The January issue of Galaxy’s Edge is the first since Mike Resnick’s death and serves as a reminder of one of his major contributions to the SF field, his work as the editor, first of a long set of original anthologies and most recently of this magazine, in both cases consistently offering opportunities to new writers. Alas, this isn’t one the magazine’s strong outings, but I did enjoy “The Choice” by the Romanian writer Livia Surugiu – not a new writer, but a writer appearing for the first time in the US. This is about a man dying on the Moon, in a future in which Earth has been abandoned in favor of colonizing a planet of Alpha Centauri. He must choose whether to die where he is, or be rescued and sent to Alpha C – at the cost of losing his memories. The setup (including his personal back story) is rather strained, but the story did hold my interest and interrogated a worthwhile philosophical question.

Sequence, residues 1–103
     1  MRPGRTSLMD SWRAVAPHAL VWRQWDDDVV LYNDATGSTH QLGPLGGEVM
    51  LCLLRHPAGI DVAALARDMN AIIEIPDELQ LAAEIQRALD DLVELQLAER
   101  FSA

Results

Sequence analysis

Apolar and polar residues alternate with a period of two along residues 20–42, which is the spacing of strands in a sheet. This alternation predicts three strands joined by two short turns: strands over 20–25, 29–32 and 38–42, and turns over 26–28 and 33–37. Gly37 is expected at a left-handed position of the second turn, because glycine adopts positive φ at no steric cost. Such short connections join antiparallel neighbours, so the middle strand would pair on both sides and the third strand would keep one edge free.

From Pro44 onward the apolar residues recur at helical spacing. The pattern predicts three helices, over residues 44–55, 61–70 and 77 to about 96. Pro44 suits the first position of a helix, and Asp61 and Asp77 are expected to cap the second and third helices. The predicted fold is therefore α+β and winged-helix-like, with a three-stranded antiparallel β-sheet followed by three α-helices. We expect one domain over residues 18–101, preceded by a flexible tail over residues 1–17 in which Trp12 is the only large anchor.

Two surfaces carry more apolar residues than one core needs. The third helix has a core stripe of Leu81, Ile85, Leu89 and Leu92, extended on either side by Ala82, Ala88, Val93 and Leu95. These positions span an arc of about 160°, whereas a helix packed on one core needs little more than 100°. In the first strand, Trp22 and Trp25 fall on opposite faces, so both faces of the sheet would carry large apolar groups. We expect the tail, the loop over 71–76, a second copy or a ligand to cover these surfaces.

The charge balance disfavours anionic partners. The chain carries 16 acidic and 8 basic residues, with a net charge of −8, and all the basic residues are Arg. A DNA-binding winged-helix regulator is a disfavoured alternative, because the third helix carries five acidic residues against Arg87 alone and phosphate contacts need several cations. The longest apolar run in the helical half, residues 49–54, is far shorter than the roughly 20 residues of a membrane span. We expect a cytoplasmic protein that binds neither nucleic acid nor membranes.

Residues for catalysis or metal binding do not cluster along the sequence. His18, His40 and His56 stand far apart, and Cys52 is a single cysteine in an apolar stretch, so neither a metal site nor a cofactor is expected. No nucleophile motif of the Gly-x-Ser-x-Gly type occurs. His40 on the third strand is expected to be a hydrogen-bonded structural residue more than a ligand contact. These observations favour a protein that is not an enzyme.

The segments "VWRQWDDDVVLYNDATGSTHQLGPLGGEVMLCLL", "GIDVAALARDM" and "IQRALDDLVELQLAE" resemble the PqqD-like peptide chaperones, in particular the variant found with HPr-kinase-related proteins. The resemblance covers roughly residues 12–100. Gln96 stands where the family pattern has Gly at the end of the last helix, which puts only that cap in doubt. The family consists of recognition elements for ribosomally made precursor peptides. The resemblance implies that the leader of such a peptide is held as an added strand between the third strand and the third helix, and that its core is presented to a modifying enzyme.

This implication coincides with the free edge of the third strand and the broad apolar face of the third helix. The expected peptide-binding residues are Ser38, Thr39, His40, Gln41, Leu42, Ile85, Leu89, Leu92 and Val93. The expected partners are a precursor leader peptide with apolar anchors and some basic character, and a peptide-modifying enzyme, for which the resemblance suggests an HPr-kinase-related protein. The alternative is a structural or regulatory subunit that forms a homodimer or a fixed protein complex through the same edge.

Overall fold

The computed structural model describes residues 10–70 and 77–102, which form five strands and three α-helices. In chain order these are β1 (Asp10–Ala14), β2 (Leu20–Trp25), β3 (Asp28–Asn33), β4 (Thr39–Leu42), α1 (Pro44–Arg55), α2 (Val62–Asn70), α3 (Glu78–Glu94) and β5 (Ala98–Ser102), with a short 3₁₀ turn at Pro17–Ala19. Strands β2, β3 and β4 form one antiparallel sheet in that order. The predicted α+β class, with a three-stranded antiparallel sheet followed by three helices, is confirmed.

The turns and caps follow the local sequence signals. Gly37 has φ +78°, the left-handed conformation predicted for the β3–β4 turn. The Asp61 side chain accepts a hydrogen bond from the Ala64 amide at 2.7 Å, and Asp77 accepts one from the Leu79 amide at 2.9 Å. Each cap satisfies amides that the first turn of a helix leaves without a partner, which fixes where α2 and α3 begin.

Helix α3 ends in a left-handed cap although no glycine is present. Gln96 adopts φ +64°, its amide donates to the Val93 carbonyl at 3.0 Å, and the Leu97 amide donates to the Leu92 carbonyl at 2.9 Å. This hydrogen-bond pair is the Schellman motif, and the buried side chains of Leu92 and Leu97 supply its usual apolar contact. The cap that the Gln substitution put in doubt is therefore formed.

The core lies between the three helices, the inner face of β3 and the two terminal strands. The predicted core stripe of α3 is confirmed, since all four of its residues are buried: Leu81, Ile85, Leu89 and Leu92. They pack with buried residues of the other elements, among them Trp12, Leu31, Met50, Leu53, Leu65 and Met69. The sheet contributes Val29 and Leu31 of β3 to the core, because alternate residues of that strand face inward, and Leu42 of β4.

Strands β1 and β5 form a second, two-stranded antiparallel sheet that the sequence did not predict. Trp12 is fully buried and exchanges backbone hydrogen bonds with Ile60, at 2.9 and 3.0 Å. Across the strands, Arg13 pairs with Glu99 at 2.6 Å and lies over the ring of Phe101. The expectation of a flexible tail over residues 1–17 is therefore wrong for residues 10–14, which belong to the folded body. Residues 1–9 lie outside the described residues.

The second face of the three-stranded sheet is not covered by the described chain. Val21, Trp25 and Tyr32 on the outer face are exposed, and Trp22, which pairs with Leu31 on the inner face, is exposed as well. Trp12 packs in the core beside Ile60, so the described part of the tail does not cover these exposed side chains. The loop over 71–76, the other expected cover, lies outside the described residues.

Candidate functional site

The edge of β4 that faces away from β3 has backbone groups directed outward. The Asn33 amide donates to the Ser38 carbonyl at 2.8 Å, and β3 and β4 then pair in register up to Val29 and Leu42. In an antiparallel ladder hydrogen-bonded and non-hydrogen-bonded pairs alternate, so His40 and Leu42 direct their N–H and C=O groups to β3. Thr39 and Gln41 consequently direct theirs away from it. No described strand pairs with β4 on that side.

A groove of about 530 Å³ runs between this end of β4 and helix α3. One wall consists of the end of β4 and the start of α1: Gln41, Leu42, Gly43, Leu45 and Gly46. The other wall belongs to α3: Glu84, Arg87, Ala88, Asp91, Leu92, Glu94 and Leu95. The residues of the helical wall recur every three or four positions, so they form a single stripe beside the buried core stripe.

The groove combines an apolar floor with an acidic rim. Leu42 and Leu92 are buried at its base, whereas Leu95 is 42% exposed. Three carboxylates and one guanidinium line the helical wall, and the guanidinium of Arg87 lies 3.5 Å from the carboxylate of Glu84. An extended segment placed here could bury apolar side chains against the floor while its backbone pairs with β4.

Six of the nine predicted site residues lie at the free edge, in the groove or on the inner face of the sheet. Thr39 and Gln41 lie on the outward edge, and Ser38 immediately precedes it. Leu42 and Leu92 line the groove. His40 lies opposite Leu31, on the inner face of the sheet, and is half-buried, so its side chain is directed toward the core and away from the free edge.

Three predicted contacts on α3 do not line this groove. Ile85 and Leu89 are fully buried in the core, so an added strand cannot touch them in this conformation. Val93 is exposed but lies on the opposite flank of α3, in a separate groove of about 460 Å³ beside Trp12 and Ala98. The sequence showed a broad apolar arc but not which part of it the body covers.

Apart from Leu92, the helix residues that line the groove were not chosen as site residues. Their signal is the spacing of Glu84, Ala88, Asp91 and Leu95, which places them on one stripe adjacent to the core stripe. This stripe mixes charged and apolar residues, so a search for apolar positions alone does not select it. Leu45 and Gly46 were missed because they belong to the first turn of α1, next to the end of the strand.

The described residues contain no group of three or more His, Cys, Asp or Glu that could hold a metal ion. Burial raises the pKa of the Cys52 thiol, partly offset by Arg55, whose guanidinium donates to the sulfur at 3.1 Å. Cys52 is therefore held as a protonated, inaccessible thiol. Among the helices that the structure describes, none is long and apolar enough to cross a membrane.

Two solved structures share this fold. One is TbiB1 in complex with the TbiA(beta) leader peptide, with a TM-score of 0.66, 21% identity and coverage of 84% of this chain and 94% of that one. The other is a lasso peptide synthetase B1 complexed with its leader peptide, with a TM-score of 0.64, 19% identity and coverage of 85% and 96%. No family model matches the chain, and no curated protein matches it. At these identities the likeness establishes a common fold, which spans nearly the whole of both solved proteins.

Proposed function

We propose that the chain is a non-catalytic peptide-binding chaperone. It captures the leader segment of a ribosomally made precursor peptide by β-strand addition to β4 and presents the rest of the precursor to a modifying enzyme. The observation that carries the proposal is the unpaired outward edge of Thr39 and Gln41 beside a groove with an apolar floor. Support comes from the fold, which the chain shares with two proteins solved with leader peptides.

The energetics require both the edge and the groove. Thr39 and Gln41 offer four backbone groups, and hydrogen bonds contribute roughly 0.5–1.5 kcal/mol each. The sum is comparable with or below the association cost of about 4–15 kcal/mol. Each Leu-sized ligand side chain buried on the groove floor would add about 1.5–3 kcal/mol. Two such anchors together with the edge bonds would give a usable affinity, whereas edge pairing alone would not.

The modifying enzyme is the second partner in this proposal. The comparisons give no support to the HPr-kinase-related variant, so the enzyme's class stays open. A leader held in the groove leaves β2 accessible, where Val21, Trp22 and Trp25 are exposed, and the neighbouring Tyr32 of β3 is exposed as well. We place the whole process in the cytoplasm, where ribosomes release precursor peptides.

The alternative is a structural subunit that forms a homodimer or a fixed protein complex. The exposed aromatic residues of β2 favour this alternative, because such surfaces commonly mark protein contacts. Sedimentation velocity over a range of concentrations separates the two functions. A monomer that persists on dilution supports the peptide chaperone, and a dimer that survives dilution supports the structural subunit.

The latest issue of Conjunctions deals with the “existential magnitude” of the current ecological crisis, with a set of stories, poems, and essays. Several, as might be expected, have a science-fictional tone, though in quite weird ways. Brian Evenson‘s two stories are both enjoyable. “The Extrication” is a mordant piece about a man on a ruined Earth addressing another person, explaining what’s happening to him; while “Curator” is about an archivist charged with preserving DNA samples of humans to be ready in case Earth again becomes habitable. Both are quite dark in their implications. Matthew Cheney, in “A Liberation“, achieves real weirdness, as a man moves across the world to his mother’s city, takes a new name, and as he realizes that his new city is decaying and literally sinking begins a grotesque project…. There’s a sense of true malaise here, slow decay, a giving up.